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Diltiazem for Veterinary Use

Veterinary: Prescribe Now
Pet Owners: Pick Up and Fill a New Prescription

by Barbara Forney, VMD


Therapeutic Class
Calcium channel blocker

Dogs and Cats

May Be Prescribed by Vets for:
Hypertension, supraventricular tachycardia (SVT), atrial fibrillation, and hypertrophic cardiomyopathy

FDA Status

Diltiazem is commerically available as capsules and tablets in 24hr ER, 30mg, 60mg, 90mg, 120mg, 180mg, 240mg, 300mg, 360mg, 420mg and IV solution 5mg/ml

Search for Available Dosage Forms 

Basic Information

Diltiazem is a calcium channel-blocker, which is used in veterinary medicine to treat hypertension and certain cardiac arrhythmias. This drug is approved in human medicine under the trade names Cardizem, Dilacor, or Tiazac. Diltiazem causes vasodilatation, decreases peripheral resistance, blood pressure, and cardiac afterload. Diltiazem also slows the sinus firing rate. At normal doses it is less likely to affect cardiac contractility than some other Ca channel blockers.

Diltiazem is rapidly absorbed following oral administration and is metabolized by the liver. Bioavailability is less in dogs than in cats and the levels reported in both species are less than those reported in humans. It may be given orally and intravenously.

Dogs and Cats

Diltiazem is used in dogs to treat hypertension and SVTs. It is frequently used with digoxin in the treatment or management of dogs with atrial fibrillation and congestive heart failure. Diltiazem is used both in emergency situations for stabilization, and longer term for management of arrhythmia. 

Diltiazem is used in cats to treat supraventricular tachyarrhythmia, hypertension, and hypertrophic cardiomyopathy. It may reduce myocardial oxygen demand and prolong ventricular filling time. It is considered a good choice for heart-rate reduction in cats with atrial fibrillation. Although the treatment of pre-clinical hypertrophic cardiomyopathy is controversial, some clinicians use diltiazem in combination with other cardiac drugs in the asymptomatic cat.

Side Effects

·       Dogs: Bradycardia is the most-common sideeffect.

·       Cats: Vomiting is the most-frequent side-effect.

·       Side effects seen in both species include vomiting, anorexia, lethargy, heart block or other arrhythmias, hypotension, central nervous system disturbances, and rashes.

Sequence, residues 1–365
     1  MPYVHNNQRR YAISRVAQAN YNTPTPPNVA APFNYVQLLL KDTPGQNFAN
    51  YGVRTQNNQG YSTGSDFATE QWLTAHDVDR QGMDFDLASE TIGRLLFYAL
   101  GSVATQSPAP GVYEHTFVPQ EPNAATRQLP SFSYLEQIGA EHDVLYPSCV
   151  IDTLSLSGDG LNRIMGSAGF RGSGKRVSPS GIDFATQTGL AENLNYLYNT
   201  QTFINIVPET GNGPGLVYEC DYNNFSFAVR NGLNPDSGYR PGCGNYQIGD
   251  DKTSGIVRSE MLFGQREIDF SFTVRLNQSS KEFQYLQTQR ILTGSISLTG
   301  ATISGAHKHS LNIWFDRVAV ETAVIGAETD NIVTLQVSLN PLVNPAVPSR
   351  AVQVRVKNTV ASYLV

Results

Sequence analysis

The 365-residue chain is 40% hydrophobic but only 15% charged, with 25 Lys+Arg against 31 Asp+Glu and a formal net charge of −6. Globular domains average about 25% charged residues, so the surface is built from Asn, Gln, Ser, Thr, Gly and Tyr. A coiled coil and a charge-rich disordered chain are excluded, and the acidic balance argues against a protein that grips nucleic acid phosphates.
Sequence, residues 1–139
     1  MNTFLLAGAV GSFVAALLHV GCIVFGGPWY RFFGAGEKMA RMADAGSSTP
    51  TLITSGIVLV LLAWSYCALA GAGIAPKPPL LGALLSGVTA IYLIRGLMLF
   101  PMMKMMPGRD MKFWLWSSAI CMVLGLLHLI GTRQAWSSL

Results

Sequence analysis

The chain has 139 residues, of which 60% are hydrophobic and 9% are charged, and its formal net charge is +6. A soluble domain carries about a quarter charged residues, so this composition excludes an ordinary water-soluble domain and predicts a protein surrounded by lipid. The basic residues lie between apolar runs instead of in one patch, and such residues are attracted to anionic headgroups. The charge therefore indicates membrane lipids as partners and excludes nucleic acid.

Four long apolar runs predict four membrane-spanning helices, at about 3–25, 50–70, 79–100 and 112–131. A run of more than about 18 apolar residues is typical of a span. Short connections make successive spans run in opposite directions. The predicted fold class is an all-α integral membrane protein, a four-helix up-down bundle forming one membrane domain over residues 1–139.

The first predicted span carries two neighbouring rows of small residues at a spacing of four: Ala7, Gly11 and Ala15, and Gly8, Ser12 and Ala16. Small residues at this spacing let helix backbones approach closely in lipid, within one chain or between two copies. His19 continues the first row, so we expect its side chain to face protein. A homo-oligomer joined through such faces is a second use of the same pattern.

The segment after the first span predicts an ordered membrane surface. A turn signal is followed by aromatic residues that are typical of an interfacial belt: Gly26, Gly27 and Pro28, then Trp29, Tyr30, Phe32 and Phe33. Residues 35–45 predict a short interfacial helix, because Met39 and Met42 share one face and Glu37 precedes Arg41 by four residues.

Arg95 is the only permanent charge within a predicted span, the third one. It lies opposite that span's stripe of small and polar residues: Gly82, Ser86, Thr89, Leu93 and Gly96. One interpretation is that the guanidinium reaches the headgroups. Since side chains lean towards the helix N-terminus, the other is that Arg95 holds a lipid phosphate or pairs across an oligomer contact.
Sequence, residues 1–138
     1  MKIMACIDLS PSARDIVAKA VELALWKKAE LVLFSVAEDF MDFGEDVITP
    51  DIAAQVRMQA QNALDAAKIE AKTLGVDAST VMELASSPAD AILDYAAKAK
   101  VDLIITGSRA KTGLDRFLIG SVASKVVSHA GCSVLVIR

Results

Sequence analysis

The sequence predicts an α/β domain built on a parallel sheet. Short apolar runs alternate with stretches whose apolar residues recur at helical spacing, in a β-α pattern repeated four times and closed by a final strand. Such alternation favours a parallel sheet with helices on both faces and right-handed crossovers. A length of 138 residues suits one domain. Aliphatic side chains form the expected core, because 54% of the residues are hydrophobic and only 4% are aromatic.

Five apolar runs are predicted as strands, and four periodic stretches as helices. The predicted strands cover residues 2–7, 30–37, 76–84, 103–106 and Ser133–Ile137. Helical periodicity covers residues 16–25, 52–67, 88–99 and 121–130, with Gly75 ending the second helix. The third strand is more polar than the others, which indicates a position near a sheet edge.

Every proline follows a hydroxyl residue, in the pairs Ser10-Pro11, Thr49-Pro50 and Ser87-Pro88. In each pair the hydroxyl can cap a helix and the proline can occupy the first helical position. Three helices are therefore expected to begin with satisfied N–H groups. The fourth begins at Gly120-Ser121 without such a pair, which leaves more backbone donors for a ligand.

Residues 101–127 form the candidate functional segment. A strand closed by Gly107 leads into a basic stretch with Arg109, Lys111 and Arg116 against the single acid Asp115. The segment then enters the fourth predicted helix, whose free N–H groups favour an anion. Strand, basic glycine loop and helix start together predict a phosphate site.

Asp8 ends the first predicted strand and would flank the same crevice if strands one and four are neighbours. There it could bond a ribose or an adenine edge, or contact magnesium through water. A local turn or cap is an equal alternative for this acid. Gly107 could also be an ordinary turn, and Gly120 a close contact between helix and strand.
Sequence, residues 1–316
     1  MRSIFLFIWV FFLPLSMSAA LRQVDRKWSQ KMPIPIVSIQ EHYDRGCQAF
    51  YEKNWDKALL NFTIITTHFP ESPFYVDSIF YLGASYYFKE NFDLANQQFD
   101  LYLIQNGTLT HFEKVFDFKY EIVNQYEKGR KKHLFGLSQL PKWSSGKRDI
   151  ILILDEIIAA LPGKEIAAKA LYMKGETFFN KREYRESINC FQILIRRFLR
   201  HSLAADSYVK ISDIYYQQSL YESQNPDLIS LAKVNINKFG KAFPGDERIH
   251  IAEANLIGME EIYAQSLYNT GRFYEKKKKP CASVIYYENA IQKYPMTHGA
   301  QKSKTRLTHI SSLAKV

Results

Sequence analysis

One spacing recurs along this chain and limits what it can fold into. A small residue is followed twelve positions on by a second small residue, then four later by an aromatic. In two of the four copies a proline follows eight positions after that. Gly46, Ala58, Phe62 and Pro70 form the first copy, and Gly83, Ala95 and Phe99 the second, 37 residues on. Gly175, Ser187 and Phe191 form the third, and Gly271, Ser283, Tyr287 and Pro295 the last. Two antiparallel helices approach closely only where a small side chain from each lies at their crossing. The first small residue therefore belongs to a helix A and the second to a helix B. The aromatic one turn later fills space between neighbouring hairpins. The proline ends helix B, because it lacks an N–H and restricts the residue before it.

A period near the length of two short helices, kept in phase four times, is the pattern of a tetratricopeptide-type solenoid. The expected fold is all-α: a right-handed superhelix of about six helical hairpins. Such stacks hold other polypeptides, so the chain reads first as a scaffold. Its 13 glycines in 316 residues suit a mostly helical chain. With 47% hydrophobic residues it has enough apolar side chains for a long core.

• Diltiazem should not be used in animals with severe hypotension, sick sinus syndrome, 2nd or 3rd degree heart block, myocardial infarction, or pulmonary congestion. It should be used with additional caution in animals in congestive heart failure and those in kidney or liver failure.
  • Cats should not receive the sustained release human formulation due to an increased incidence in adverse side effects.
  • Diltiazem should only be used during pregnancy or lactation when the benefits outweigh the risks.  

Drug Interactions

  • General anesthesia and beta blockers may increase the frequency and degree of cardiac side effects. Diltiazem is sometimes used with beta blockers, but there is an increased risk of bradycardia.
  • Diltiazem may increase blood levels of the following drugs: benzodiazepines, buspirone, cyclosporine, and quinidine.
  • Cimetidine and possibly other histamine H2 receptor antagonists may increase levels of diltiazem.
  • Diltiazem levels may be decreased by rifampin.


  • There is a wide margin of safety for clopidogrel. Based on experience in human medicine, bleeding and vomiting are the most likely clinical signs of overdose.
  • Platelet transfusion may be considered in an acute overdose. 

About the Author

Dr. Barbara Forney is a veterinary practitioner in Chester County, Pennsylvania. She has a master's degree in animal science from the University of Delaware and graduated from the University of Pennsylvania School of Veterinary Medicine in 1982.

She began to develop her interest in client education and medical writing in 1997. Recent publications include portions of The Pill Book Guide to Medication for Your Dog and Cat, and most recently Understanding Equine Medications published by the Bloodhorse.

Dr. Forney is an FEI veterinarian and an active member of the AAEP, AVMA, and AMWA.

The information contained on this site is general in nature and is intended for use as an informational aid. It does not cover all possible uses, actions, precautions, side effects, or interactions of the products shown, nor is the information intended as medical advice or diagnosis for individual health problems or for making an evaluation as to the risks and benefits of using a particular product. You should consult your doctor about diagnosis and treatment of any health problems. Information and statements have not been evaluated by the Food and Drug Administration ("FDA"), nor has the FDA approved the products to diagnose, cure or prevent disease. 

Wedgewood Pharmacy compounded veterinary preparations are not intended for use in food and food-producing animals.